“There should no be executions in Oklahoma until we know what happened last night and until there’s full transparency about the process and the drugs that were used,” Cohen told The Independent after returning to Denver from Oklahoma.

Dieter, based in DC, said Warner’s two-week stay likely will be extended indefinitely.

“Oklahoma won’t be executing anyone two weeks from now. No state, I imagine, will be moving forward any time soon.”

Plans for the executions were problematic long before Lockett was strapped to the gurney Tuesday. As first reported by The Colorado Independent, Oklahoma officials had long been scrambling to find euthanasia drugs to execute the two death row inmates.

The manufacturer of pentobarbital — the anesthesia used first in the “three-drug cocktail” commonly employed as the quickest, most painless way to execute prisoners — has pulled the drug from the market for use in capital punishment. That left Oklahoma and other states on the hunt for replacement drugs to carry out executions.

Oklahoma state attorneys quipped about the drug shortage, joking that they would trade information with Texas officials about how to procure lethal injections in exchange for tickets to a Texas-Oklahoma university football game. In an email to a colleague, Oklahoma Assistant Attorney General Seth Branham dubbed the group of Oklahoma officials who had been working to procure lethal injection drugs “Team Pentobarbital.” The colleague, fellow Assistant Attorney General Stephen J. Krise, joked that for Oklahoma’s assistance, Texas’s football team should intentionally lose several games.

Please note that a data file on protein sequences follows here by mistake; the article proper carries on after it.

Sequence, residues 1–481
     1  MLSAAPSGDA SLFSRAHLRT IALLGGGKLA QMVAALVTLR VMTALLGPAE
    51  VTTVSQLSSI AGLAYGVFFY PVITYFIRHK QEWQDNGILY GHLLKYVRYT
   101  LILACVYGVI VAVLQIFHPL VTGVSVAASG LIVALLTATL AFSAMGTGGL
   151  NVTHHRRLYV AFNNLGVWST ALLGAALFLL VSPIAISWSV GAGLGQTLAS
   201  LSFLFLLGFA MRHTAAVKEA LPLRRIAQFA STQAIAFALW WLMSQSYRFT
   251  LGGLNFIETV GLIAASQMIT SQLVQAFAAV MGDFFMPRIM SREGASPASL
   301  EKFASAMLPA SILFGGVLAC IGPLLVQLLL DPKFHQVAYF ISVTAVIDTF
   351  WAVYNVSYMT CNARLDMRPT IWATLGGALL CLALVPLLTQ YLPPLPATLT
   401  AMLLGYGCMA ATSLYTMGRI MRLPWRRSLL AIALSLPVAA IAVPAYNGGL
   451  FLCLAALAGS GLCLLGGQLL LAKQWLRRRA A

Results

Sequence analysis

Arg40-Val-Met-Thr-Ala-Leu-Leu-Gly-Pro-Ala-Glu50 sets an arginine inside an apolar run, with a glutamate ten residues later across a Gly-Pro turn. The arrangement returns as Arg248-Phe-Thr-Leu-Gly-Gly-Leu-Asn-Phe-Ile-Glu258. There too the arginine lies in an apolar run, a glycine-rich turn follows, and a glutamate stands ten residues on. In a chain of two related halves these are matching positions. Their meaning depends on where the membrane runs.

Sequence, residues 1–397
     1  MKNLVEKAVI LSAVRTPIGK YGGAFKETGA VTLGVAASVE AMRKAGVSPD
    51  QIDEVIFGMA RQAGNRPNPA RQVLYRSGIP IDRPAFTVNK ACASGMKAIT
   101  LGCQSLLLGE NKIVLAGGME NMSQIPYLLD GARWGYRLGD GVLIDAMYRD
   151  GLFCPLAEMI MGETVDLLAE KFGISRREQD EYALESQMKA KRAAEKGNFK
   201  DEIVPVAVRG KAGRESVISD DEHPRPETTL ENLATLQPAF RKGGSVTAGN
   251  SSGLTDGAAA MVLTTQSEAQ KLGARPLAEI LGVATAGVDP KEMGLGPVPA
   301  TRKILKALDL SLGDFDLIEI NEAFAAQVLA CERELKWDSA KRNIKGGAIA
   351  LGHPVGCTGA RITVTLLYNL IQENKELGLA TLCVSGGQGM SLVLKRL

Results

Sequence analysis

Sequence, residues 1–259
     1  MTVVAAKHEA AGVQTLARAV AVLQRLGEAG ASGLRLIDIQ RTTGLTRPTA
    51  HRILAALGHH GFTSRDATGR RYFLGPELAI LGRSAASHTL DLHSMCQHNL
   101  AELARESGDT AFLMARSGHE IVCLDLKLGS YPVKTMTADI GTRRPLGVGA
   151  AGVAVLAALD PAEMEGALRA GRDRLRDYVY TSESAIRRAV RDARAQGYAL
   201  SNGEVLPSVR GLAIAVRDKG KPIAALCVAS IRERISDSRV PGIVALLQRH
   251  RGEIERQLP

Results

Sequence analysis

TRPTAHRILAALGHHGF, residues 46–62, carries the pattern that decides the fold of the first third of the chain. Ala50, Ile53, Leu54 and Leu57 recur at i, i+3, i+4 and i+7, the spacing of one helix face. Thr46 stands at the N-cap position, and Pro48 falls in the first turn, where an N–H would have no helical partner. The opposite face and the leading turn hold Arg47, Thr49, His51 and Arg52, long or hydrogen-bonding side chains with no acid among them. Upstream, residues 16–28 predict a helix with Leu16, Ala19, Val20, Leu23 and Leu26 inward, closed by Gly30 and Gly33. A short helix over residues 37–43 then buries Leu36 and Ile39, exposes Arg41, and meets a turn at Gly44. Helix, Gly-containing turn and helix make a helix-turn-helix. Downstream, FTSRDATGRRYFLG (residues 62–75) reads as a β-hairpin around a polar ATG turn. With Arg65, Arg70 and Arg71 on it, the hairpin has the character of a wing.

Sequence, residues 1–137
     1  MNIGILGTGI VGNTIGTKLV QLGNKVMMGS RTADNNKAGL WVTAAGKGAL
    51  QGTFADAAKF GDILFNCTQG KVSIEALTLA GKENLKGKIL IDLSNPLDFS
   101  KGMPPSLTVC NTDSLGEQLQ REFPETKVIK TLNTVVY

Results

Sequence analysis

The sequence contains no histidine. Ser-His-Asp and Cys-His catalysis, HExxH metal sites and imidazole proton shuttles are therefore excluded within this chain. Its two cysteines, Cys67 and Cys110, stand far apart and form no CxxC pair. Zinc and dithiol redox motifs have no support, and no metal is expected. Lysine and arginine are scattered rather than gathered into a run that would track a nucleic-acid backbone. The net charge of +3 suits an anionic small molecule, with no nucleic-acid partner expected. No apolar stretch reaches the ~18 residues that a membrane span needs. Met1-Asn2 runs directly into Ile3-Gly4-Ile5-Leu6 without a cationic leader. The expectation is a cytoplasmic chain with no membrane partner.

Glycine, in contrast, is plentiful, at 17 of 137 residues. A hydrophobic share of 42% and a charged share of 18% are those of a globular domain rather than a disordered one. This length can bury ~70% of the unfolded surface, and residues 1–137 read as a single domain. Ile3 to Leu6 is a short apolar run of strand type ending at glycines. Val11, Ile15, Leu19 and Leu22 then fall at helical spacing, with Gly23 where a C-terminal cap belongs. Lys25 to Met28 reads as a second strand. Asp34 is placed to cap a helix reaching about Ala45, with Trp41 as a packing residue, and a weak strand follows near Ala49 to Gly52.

“So, I propose we help if TX promises to take a dive in the OU-TX game for the next 4 years,” Krise wrote, documents show.

Records also show that in at least nine executions, Oklahoma’s unnamed executioners were disposing unused euthanasia drugs by injecting them into the corpses of prisoners who were already dead, The Independent reported.

Without access to pentobarbital manufactured by a regulated pharmaceutical company, Oklahoma used petty cash to pay for euthanasia drugs on the gray market. Officials cited the state’s controversial death penalty secrecy law in refusing to disclose details about where they were procuring lethal injection drugs and if they were purchasing them from compounding pharmacies – typically mom and pop shops that concoct doses for special order virtually unregulated.

Lockett and Warners’ lawyers challenged the secrecy law in a lawsuit. They also challenged Oklahoma’s decision to use what they called an experimental three-drug cocktail that substitutes midazolam for pentobarbital as a sedative. Midazolam had been used in executions in Florida, but at a dosage that was more than four times greater than Oklahoma’s. In January, an Ohio execution carried out with midazolam lasted for nearly 25 minutes as the condemned convict gasped for air and struggled before dying.

Both Lockett’s and Warners’ executions were postponed as their legal objections to the protocol and the state’s secrecy law wended through the courts. When they ultimately lost their legal battles, they were quickly scheduled for a double execution – the state’s first since 1937.